Trump, fake news and the 'crisis' of American political reporting?
Free Public Lecture
Since Donald Trump’s election, public concern has intensified about 'alternative facts', his self-proclaimed 'war' on journalists, and the prevalence of fake news in a ‘post-truth’ era. Not only does this create confusion about what is real and what is not, but trust in news media is falling in many countries including the US and Australia. This is compounded by the fact that the internet makes it easier for misinformation, whether deliberate or not, to spread. Inaccurate reporting has consequences for news media's role in democracies to provide a well-informed citizenry and critical scrutiny of political elites.
In this climate, powerful figures like Trump and Russia’s Vladimir Putin are outwardly hostile to journalists and mainstream reporting processes. US National Intelligence alleged that Russia created fake news to manipulate the 2016 Presidential election and Trump further fuelled public mistrust by calling journalists “the most dishonest human beings on earth”. If the current President of the United States does not respect professional journalists, is American political reporting in ‘crisis’? And what are the implications of ‘fake news’ and loss of trust in the media for other democracies like Australia? To answer these questions the University of Melbourne welcomes an insider of the American political press corps, highly distinguished op-ed columnist with The Washington Post, Dana Milbank.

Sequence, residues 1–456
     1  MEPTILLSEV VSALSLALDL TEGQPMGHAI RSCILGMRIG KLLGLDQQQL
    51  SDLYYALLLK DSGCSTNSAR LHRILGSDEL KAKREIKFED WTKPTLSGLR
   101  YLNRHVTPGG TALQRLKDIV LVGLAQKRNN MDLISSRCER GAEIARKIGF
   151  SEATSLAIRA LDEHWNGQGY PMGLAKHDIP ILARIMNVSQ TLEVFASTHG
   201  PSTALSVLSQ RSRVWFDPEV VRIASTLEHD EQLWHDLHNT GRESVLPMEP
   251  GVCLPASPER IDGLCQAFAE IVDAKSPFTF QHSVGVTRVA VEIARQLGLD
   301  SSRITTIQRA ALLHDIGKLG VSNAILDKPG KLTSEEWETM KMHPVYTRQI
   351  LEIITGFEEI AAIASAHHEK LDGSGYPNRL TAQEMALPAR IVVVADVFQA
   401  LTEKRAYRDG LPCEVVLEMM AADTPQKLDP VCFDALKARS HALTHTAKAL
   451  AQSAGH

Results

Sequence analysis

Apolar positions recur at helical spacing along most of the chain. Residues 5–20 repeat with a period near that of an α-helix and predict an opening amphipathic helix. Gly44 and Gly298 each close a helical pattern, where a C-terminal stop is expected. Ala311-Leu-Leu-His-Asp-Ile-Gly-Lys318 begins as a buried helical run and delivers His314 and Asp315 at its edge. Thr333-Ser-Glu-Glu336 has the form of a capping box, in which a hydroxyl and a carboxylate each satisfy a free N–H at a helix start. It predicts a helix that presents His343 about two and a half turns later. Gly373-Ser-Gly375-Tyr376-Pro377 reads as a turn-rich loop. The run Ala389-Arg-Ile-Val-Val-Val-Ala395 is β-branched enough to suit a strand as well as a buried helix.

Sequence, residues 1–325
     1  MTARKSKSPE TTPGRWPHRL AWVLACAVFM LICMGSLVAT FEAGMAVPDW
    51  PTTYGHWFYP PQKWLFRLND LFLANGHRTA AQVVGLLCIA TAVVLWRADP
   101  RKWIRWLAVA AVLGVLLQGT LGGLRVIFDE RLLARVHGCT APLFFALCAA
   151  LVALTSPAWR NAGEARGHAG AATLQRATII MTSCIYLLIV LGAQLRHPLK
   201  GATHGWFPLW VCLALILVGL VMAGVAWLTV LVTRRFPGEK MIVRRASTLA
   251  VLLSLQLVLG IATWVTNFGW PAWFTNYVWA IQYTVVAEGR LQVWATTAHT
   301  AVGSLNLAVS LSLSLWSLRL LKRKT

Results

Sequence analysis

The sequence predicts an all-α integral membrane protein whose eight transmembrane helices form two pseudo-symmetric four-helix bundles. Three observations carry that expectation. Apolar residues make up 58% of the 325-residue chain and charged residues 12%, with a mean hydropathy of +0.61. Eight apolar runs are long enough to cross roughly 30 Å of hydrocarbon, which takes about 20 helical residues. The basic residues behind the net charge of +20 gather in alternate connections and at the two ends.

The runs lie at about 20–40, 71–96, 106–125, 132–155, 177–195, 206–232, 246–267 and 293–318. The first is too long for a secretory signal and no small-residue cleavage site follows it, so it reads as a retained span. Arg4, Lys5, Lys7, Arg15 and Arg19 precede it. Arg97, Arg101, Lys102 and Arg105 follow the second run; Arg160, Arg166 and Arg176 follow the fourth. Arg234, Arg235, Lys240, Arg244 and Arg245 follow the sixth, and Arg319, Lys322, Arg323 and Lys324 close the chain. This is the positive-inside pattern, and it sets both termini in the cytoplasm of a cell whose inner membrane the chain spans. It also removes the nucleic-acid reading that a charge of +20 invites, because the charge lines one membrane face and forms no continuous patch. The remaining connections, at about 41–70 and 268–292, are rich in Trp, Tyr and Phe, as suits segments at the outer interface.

Dana Milbank has been a nationally syndicated op-ed columnist with The Washington Post since 2005. Generally appearing 4 times a week, his opinion column is the most popular on the Post’s website and also runs in 275 other newspapers.
Mr Dana Milbank, The Washington Post
Mr Dana Milbank
The Washington Post
Mr Dana Milbank has been a nationally syndicated oped columnist with The Washington Post since 2005. Generally appearing 4 times a week, his opinion column is the most popular on the Post’s website and also runs in 275 other newspapers. Before joining the Post, Milbank spent 2 years with the New Republic covering the Clinton administration and 8 years with the Wall Street Journal covering Congress. He joined the Post at the beginning of the 2000 presidential campaign and covered President George W. Bush’s first term and the 2004 election. He has won the White House Correspondents' Association Beckman award for “repeated excellence in White House coverage,” earned the National Press Club's Gingras prize for humor writing, and was named one of the nation’s top political journalists by Columbia Journalism Review. Milbank also provides political commentary for MSNBC and various other TV and radio outlets and is the author of three books on politics: "Tears of a Clown" (2010), the national bestseller "Homo Politicus" (2008) and "Smashmouth" (2000).